Tennis rackets come in three basics styles: Game Improvement, for lower-level players; Tweener, for intermediate players; and Player’s, for advanced players. Each racket type offers different manufacturing characteristics to enhance each type of player’s game. Understanding the differences among tennis rackets will help you choose the right frame for your game.
Tennis rackets come in different weights, lengths and head sizes
Game Improvement (Beginner) Rackets
Choose a Game Improvement racket if you are a beginner, advanced beginner or senior. These rackets feature a larger head size to provide lesser-skilled players with more hitting area. The rackets also have a longer length, lighter weight and more stiffness.
Tweener (Intermediate) Rackets
Choose a Tweener racket if you play the game once a week or more and are playing in a league with an above-average level of success. These rackets have many of the characteristics of Game Improvement rackets, but have slightly smaller heads to increase racket speed so you can generate more power.
Player’s (Advanced) Rackets
Choose a Player’s racket if you a highly competitive player with excellent athletic skills. These rackets have the smallest heads, most flexibility and are shorter and heavier than other rackets. They are unforgiving on mis-hits and are made for players who will not have many errant shots.
Try Before You Buy!
Many sporting goods stores and tennis pro shops let you play-test rackets before you buy one. You might have to secure the racket with a credit card imprint, or a pay a small fee each time you demo a racket (but that money is usually taken off the purchase price if you buy a racket from the store).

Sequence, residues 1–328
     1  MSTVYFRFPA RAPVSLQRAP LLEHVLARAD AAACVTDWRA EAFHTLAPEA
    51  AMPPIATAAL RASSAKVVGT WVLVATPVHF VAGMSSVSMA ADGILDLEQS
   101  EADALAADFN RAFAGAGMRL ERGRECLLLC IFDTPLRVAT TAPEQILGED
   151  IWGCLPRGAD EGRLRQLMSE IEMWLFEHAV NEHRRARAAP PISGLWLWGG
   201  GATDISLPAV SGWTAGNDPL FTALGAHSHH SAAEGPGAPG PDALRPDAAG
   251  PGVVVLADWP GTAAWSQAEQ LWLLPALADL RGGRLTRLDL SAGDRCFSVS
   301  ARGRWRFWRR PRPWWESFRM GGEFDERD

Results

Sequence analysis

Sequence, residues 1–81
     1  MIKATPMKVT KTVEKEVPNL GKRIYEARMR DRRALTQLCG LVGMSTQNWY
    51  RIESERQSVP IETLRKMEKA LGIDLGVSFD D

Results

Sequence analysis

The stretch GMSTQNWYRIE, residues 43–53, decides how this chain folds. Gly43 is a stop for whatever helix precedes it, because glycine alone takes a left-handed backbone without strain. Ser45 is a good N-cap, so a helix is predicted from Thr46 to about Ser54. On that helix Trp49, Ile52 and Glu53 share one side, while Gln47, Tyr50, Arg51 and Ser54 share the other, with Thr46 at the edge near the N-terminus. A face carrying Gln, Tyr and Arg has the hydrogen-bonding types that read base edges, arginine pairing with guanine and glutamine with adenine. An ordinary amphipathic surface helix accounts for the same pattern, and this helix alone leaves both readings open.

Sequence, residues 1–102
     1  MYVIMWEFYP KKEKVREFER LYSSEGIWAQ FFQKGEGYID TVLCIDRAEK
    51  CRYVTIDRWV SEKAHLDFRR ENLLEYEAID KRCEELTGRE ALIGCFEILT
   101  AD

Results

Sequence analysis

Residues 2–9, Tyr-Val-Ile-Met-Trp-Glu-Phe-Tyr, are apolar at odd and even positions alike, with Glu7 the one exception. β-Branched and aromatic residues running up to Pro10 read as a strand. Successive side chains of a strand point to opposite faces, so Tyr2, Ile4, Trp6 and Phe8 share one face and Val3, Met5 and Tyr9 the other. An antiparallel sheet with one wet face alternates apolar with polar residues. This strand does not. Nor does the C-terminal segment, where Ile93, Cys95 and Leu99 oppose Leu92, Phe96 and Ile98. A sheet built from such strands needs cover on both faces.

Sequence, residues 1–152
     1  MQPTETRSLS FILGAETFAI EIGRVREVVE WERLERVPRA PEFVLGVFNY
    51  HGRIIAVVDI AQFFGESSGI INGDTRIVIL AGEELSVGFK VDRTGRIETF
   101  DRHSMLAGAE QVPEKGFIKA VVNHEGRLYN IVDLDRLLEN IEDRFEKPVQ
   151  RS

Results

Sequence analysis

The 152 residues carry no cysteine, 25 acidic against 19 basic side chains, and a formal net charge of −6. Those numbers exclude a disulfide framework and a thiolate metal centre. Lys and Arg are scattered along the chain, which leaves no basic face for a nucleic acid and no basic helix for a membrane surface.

Play-test the several models of the type of racket you have chosen as your preferred type. A variety of manufacturers make all three styles of rackets using different materials and other proprietary manufacturing techniques. Many tennis pro shops have play-test, or demo, programs that allow you to hit with the racket on site or leave a credit card number so you can take the racket and play a match with it. Try testing two rackets of the same model with different grip sizes to learn what grip size feels best for you.
The String’s the Thing
The same racket can feel awesome or awful, depending on how it’s strung. Make a note of the string tension and type of string in each racket you play test. Stringing the same racket looser or tighter by even a few pounds of tension or with a different type of string can greatly change its playing characteristics. Talk with a professional stringer about your game, the racket you are choosing and what type of string you should use.